Dubai: Meet Norah Alawadhi or “the girl from the picture of the UAE and Israeli flags in Dubai” as she describes herself on Twitter.
She was just “King Norah” on the social media platform till Emirati businessman-cum-writer Hassan Sajwani posted the photo of her and an Israeli woman—covered in their respective flags, holding their hands and facing Burj Khalifa from atop a skyscraper on October 6.
Within hours, the picture went viral and by that night, among the thousands who tweeted/retweeted/quote tweeted that photo were Israeli Prime Minister Benjamin Netanyahu and Ivanka Trump, daughter of and advisor to the US President Donald Trump.
“Exciting picture from Dubai. Peace for peace creates new friends in the Middle East,” Netanyahu posted while sharing the photo with the flag emojis of both the countries. Quote tweeting his post, Ivanka Trump wrote: “Great photo from Dubai.”
Story behind the viral photo
Sharing the story behind the viral photo to Gulf News, Norah said she happened to be in the historic picture quite coincidentally.
“The woman holding the Israeli flag is Ronny Gonen, a travel blogger from Israel,” Norah said. “She was on a visit here and I was introduced to her by someone I know.” She said she had already started talking to people from Israel ever since the UAE first spoke about normalisation of ties with Israel.
Norah said she had met Ronny casually and that is when she asked if Norah could join her for a photo shoot she planned for her blog ‘to make an impact’.
Norah readily agreed. But it was only when they reached the terrace of an 80-storey tower facing Burj Khalifa that both the women realised the risk they were taking for the shoot, she said. It was windy and they had to climb some steps and jump down a few to get on to the place that gave the perfect background of Burj Khalifa. “When we reached that place, my heart just fell out of my chest! We had the whole crew with us and the security approval. But I never knew I had the fear of heights till then. I had never felt so scared of heights even when I went to [the observation deck in] Burj Khalifa. It was scary in that open space above 80 floors.”
To her surprise, she said she realised that Ronny was also frightened of heights. “She didn’t want to take even one picture because she thought she was going to fall. But I had more guts to go with it and face my fear. I told myself — just do it. It is for a good purpose. I told Ronny, don’t worry, let’s do it. I said those little words and held her hand. We went closer to the edge. We stood there and she became confident enough.”
It took about half an hour for them to get the perfect shots of both of them facing Burj Khalifa with their backs draped in the flags. But when the pictures came out, Norah said she noticed that in one of them they were still holding hands and smiling looking at each other.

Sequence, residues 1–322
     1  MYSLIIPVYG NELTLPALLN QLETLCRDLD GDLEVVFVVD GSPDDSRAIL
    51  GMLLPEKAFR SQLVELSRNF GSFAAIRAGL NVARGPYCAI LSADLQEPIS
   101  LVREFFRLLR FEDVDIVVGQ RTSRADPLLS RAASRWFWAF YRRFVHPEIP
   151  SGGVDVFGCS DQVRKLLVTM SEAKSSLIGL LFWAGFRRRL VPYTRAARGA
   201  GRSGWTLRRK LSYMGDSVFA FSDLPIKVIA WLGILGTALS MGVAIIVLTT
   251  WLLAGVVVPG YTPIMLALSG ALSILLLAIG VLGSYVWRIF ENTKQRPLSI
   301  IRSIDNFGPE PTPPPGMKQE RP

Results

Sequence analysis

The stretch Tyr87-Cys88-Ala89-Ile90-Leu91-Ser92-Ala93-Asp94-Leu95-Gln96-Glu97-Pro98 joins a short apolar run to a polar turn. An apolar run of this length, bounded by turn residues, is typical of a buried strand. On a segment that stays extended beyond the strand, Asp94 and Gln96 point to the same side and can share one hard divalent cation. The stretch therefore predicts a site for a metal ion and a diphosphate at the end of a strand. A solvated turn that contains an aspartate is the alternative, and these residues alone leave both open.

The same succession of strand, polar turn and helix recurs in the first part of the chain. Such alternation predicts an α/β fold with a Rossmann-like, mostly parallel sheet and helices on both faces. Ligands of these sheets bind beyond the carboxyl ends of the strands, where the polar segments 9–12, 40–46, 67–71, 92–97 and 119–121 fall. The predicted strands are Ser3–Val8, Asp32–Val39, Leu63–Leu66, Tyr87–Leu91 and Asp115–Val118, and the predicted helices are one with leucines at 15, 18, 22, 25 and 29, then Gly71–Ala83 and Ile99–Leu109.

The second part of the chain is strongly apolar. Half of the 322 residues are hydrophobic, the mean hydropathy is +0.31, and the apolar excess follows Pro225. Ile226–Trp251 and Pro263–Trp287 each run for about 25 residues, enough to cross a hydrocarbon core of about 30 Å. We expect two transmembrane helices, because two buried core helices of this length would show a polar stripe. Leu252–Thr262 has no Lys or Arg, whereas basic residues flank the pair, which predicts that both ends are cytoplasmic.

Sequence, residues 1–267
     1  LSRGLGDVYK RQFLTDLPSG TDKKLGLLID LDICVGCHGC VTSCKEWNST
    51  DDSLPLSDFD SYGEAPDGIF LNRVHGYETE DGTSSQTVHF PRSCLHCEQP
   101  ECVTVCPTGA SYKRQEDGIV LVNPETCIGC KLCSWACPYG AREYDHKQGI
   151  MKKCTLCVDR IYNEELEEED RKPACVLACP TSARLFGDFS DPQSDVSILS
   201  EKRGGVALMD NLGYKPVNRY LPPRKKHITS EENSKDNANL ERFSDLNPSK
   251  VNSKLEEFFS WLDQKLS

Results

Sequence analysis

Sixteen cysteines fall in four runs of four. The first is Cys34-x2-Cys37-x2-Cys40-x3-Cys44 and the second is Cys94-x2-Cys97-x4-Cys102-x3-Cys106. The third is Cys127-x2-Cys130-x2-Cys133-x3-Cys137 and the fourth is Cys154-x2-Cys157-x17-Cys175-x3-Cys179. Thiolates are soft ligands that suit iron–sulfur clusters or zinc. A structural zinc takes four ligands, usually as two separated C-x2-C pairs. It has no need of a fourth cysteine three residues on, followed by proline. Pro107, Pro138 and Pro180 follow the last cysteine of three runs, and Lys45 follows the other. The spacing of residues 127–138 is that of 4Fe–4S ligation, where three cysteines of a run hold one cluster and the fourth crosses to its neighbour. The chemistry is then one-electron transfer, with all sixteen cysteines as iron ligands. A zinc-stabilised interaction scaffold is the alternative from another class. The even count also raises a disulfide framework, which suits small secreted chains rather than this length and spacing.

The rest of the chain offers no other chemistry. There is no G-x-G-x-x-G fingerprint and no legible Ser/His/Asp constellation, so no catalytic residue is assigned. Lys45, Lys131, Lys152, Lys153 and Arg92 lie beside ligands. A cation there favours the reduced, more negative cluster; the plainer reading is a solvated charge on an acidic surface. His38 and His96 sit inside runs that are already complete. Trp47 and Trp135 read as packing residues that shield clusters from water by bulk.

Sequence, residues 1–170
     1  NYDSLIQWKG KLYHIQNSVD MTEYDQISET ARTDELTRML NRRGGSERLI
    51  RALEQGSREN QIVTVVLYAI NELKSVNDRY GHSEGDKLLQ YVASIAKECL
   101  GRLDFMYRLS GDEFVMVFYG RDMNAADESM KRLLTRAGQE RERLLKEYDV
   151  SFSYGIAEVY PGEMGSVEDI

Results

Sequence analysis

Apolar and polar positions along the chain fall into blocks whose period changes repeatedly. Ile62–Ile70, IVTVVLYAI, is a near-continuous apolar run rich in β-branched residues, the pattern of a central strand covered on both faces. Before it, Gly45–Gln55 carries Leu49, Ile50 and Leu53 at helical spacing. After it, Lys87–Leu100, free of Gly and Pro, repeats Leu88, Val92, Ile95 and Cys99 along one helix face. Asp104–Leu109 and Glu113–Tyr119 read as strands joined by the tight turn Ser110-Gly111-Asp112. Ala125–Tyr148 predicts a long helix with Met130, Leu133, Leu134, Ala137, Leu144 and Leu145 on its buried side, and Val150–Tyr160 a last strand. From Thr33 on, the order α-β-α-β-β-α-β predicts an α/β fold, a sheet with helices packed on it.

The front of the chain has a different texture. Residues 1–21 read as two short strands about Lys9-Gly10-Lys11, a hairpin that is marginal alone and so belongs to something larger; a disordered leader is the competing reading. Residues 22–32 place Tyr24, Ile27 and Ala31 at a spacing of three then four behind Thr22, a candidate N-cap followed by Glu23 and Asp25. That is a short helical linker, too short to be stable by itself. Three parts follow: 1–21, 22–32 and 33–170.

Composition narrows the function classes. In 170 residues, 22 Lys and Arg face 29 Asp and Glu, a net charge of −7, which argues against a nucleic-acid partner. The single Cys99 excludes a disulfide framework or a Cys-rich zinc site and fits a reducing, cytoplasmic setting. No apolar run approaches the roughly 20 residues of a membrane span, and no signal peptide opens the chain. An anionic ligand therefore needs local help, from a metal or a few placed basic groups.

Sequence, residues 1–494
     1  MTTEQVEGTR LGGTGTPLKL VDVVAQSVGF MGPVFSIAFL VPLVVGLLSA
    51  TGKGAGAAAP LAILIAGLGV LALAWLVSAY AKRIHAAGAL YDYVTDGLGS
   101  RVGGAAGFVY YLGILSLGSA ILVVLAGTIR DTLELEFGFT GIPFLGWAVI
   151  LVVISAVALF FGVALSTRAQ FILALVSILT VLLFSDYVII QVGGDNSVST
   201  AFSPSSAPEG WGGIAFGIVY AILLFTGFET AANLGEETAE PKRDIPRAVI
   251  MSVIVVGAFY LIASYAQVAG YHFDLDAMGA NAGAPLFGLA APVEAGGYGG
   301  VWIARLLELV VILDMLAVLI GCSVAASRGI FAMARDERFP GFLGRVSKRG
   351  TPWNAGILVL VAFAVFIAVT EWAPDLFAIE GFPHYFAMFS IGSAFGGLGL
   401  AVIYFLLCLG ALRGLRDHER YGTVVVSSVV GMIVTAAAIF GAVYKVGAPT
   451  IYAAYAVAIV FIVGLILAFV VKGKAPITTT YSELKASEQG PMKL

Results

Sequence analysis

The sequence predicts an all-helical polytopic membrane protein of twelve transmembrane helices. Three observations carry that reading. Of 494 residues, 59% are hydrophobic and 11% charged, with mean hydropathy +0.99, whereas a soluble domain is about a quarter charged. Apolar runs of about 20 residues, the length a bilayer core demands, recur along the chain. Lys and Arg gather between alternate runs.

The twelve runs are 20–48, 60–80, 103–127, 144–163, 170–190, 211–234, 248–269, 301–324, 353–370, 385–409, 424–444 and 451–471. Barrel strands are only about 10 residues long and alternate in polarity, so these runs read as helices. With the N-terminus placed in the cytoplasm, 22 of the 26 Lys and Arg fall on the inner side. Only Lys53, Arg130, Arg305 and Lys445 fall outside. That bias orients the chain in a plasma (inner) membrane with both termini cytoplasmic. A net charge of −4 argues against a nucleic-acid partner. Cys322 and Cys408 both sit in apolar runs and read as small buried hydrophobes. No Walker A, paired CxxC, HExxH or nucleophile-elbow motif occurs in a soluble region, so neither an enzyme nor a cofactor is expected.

“It wasn’t staged. See, she trusted me,” she said.
‘I am proud of myself’
Ever since her picture became viral, Norah said she has had many critics on social media, whom she is completely ignoring.
“People have asked me — you are getting a lot of hate, are you leaving social media? Nay!,” said Norah who calls herself ‘King’ like the females who make a clear statement about notions of gender and power.
“I am proud of myself and what I did for my country. I want to create more things for my country. You have to have the guts to do it. And I was raised with that guts, thanks to my dad who is my biggest inspiration.”
Norah’s father Jassim Alawadhi is one of the first crime scene photographers to be employed by Dubai Police. As a Lieutenant Colonel, he had served as the director of Crime Scene Division and in 2010 he was given the UAE Appreciation Award for Science, Arts and Literature by His Highness Sheikh Khalifa bin Zayed Al Nahyan, the President of the UAE, on account of his contribution to his profession. Various members of the Twitterati now consider his daughter “the face of the historic peace deal” in the region.
“Peace starts with the politicians and continues with the youth,” Norah said in a pinned tweet. “As I said, our leaders make peace and we need to carry it forward through our young siblings and children in the future. They need to know that it is okay to make peace. There is no harm in trusting and respecting other countries, cultures and religions,” she noted.
The 30-year-old banking professional has already started working on a private initiative with Israeli youths.
She has been in touch with an organisation titled Israel-Is which educates and trains young Israelis with the skill sets and mindset to conduct meaningful encounters with their international peers. “I met the youth from there on Zoom. They are smart and many youngsters are already entrepreneurs. We are getting to know each other and learn the religion and culture of each other. I know about Diwali and I love history. It is nice to learn about Rosh Hashanah and Shana Tova too.”
She said, “We are going to create different forums. The first one will be ready in four weeks. We will tackle topics ranging from business and innovation to culture and tourism. Our peace deal is not just for business. We are going to have a cultural exchange too. For example, we are going to show an Emirati chef speaking about our food and telling us how the food here is connected culturally and all of that. I am using my father for the art forum to showcase his art work as an exhibition on Zoom. It is a personal initiative. We want to do something to touch lives. I want them to know more about UAE.”